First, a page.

These shaders are superb for building her body form which will be the foundation for what we will be doing downstream. If you compare this image of her with her shown in the images above without any shading, you should be able to see the immediate improvements.
Next we deal with her clothing and accessories. Note that most of these materials already have been enhanced with either SPA or SPH files to make them more shiny. What we want to do is to emphasize these lighting effects but not overwhelm them with MMEs. To do this we use BeamMan’s masslight (or multiple light source) shaders. Specifically:
Dress and shoes – Multi-light source effect_in (normal) reflection.fx
Dress trim, headset, collar jewellery – Multi-light source effect_highly reflective.fx
Panties – Multi-light source effect – low reflection.fx
The effect names given here are translated from the Japanese. By default these effects are distributed using only Japanese named files.
The Masslight effect is designed primarily for dynamic imagery (ie. making videos) as it emphasizes the play of light on the materials to which the effect has been added. Used in still imagery can be a bit of a challenge to get the full benefits of the effect, but usually tweaking the lighting direction gives the best results.
Note that although her silk cheong-sam is shiny, we do not want her to look like she’s clad in vinyl. The dress already has a SPA file that makes it shiny and we don’t want her looking like she’s wearing something made out of plastic.
The screenshot below shows what she looks like with all the effects now in place, but at this point, although there is some visual improvements, there’s nothing spectacular. That comes next. But if you look at her shoes more carefully, you can see what exactly the masslight effect can do.
Since the model reacts to AutoLuminous we added that next and so here’s what she looks like with all MMEs that are directly applied to her. Note that we also removed Teto’s outlines.
Next we add global effects to really bring Teto to life and make her really look special. Specifically we added the following:
o_BleachByPass at 35% strength – this helps makes colors look more like they would in real life
o_SelfOverlay at 35% strength – this brings some of the colors back lost from applying the last effect
o_ToneMap at 30% strength – this brings some vividness to the colors
diffusion 7 (or o_diffusion) – softens the hard edges caused by the previous effects and adds a softer more dreamy look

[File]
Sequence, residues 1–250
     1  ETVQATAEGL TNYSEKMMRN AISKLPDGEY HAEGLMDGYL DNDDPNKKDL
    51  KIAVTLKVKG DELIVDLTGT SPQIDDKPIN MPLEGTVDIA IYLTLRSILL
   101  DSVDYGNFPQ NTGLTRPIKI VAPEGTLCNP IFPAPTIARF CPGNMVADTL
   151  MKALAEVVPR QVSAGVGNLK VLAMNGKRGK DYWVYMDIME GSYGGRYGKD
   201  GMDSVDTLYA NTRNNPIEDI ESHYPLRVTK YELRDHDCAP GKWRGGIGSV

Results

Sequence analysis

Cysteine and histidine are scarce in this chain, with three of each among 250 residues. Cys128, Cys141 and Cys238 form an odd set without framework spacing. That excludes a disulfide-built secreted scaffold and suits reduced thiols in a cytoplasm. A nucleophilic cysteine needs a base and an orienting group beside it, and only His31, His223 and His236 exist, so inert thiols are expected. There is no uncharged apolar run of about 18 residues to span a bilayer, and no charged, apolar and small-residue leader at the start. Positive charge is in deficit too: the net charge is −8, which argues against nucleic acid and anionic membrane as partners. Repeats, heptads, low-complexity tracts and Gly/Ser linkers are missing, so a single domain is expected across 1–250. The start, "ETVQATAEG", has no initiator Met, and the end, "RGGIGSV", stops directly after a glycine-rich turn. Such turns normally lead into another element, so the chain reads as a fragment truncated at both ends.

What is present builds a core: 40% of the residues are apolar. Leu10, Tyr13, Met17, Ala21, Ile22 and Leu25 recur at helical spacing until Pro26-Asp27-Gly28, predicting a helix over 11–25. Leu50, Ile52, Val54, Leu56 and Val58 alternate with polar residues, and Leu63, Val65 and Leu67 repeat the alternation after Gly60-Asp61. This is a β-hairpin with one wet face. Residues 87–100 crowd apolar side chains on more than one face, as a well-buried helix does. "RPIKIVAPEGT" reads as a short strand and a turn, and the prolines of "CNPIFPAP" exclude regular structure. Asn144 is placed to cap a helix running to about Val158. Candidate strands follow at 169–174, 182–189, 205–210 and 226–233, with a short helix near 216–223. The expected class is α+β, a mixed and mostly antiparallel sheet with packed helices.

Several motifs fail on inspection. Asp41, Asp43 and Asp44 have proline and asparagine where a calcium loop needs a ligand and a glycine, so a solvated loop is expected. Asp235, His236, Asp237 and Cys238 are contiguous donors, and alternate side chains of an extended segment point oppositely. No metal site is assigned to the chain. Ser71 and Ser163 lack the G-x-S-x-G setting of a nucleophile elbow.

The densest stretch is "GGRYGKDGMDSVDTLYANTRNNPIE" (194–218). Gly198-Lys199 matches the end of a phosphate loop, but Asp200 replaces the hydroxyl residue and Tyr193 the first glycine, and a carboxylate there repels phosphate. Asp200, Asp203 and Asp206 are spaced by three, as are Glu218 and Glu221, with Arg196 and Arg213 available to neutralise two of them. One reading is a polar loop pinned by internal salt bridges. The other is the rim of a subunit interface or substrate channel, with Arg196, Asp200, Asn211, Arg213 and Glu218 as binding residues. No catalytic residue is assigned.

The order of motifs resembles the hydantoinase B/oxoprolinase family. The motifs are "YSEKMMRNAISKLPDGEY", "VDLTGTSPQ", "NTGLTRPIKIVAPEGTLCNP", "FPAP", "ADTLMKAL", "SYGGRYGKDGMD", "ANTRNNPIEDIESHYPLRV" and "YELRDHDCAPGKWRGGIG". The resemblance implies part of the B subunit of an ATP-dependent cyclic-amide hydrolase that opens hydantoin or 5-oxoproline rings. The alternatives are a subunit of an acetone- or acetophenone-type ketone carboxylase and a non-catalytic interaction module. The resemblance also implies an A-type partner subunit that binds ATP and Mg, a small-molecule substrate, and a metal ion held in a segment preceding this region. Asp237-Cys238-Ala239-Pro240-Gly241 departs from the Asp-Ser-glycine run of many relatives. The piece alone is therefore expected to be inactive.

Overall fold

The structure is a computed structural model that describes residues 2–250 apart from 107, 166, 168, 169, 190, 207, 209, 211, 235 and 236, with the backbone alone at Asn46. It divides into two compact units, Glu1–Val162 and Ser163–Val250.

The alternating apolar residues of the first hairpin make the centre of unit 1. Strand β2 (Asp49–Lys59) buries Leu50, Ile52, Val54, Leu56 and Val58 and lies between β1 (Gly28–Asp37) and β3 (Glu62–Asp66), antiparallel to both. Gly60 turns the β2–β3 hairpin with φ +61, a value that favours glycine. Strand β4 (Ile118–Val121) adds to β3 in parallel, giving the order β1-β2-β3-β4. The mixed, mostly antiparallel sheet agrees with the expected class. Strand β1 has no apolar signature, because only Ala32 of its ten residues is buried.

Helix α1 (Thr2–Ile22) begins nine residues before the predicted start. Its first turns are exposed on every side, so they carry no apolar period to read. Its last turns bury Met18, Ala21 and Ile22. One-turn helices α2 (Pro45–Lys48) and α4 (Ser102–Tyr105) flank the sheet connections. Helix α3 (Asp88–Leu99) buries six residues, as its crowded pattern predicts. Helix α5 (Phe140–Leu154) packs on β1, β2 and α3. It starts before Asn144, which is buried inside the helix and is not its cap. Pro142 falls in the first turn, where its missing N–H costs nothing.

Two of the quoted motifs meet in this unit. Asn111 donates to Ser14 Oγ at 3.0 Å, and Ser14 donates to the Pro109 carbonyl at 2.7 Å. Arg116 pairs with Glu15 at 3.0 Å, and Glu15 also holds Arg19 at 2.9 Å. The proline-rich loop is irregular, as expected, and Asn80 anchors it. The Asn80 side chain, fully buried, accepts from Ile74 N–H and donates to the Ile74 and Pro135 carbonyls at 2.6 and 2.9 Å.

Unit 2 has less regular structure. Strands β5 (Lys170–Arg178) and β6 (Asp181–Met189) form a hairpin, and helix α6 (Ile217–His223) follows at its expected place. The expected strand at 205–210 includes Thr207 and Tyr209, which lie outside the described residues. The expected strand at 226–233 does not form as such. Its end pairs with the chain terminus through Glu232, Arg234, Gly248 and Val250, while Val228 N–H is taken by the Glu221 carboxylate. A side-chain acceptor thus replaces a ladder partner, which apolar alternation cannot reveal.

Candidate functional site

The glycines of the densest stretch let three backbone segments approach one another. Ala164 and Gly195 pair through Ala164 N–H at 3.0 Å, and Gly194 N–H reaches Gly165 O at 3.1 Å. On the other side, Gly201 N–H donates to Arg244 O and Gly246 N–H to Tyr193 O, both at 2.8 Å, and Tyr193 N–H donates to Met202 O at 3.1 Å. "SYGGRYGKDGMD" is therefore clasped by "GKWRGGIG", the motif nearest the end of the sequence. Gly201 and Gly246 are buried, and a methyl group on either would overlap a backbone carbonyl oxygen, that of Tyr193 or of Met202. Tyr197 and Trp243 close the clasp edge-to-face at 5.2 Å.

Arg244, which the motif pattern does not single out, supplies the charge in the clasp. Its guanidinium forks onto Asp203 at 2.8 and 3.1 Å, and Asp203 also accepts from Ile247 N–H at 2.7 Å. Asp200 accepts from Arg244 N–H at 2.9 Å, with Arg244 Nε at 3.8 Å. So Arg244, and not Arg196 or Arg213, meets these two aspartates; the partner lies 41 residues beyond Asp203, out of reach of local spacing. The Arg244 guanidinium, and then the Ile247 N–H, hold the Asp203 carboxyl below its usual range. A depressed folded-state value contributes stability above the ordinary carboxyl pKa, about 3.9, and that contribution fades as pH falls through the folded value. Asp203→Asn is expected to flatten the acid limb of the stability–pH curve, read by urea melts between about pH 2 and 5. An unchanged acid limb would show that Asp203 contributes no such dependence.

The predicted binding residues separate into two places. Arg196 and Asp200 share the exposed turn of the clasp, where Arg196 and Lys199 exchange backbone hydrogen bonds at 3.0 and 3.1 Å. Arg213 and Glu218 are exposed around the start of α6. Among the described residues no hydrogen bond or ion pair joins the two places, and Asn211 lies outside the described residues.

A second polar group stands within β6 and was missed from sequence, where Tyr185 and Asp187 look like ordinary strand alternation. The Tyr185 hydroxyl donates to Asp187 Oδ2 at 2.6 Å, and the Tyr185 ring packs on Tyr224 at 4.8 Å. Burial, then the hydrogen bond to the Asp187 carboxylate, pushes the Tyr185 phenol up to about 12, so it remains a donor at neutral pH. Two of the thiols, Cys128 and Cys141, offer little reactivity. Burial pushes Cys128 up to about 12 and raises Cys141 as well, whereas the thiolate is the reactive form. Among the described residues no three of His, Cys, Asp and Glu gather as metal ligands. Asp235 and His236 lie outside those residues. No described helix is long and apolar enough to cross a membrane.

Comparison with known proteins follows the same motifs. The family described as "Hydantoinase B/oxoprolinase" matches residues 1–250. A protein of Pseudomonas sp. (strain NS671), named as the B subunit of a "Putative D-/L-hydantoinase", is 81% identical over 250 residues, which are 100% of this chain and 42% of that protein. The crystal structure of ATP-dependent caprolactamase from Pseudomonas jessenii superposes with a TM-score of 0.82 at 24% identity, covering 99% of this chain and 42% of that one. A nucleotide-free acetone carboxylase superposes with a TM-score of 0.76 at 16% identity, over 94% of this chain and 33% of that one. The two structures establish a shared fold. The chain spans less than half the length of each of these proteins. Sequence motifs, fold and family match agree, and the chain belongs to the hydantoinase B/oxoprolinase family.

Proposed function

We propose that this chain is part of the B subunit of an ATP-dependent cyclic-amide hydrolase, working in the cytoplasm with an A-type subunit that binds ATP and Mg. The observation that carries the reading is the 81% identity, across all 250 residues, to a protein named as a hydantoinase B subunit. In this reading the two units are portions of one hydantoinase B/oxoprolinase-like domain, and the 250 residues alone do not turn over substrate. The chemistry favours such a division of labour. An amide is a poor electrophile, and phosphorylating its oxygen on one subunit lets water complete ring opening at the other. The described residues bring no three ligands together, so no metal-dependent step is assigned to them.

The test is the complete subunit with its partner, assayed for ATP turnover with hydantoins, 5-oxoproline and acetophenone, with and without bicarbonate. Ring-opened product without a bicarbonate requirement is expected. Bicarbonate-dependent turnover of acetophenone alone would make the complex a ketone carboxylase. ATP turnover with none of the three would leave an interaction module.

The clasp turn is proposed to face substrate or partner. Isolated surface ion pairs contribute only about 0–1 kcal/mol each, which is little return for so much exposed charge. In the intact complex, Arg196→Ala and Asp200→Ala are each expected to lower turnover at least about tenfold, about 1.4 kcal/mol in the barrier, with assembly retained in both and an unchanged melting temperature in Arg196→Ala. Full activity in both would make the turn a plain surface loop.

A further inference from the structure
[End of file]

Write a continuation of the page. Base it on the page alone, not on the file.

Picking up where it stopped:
Then we began to tweak the light settings to get the best possible look. Our results so far are shown below.
To finish off, what we did was to add a modifier controller to tweak the quality of the lighting and adjust how ambient lights interact with the model’s materials. The effect controller is called PostGammaLightVR and was written by ElleP. Finally we added a complementary background image by Anomaro. The final image is shown below.
As we hope you can see, MMEs applied correctly to a model’s materials does make a difference to how real a model looks. We’ve only touched on some of the effects available. There are tons of them out there so by all means go get them and see what they can do. Our example does have a bit of a red bias. This is inherent in the model and I just went with it, but it is also possible to alter this for a different type of balance using different shaders. But do you know why there is a red bias in the first place? Well, the short answer is that some of the red is reflected off her dress and the tonemap and selfoverlay shaders emphasized them plus the bleachbypass dampened a lot of the blues in the color spectrum. So this raises the final point – try to understand exactly what each type of shader does and their intended and unintended side effects.
But it is too red so can anything be done about it? The answer is yes and without resorting to tweaking the image in Photoshop. The way to do it is to set the MMD global lighting to compensate for the red bias by making the red spectrum weaker and increasing the green and blue spectrums respectively. Once that is done, the values of the effects that caused the problem should be assigned new values.
So what we did for the final iteration was to reset the values of the 0_post effects after the global lights were reset. Our final settings were:
o_BleachByPass at 50%
0_SelfOverlay at 25%
o_ToneMap at 25%
To be clear, “at #%” means setting the Tr values of the effects in the Accessory Manipulations Panel to Tr=0.5, 0.25 and 0.25 respectively. The final image is shown below. Still a little on the red side but that is inherent in the material makeup of the model but at least Teto looks much more normal.
This type of shading schema work especially well for videos for which this type of shading scheme (dynamic) was originally designed. Check this video out for the proof as it uses a very similar setup and with the same model:
Thanks for reading!
Teto China Dress – Tda/Reyama090
Fashion image – DHGate.com
Sky background image – Anomaro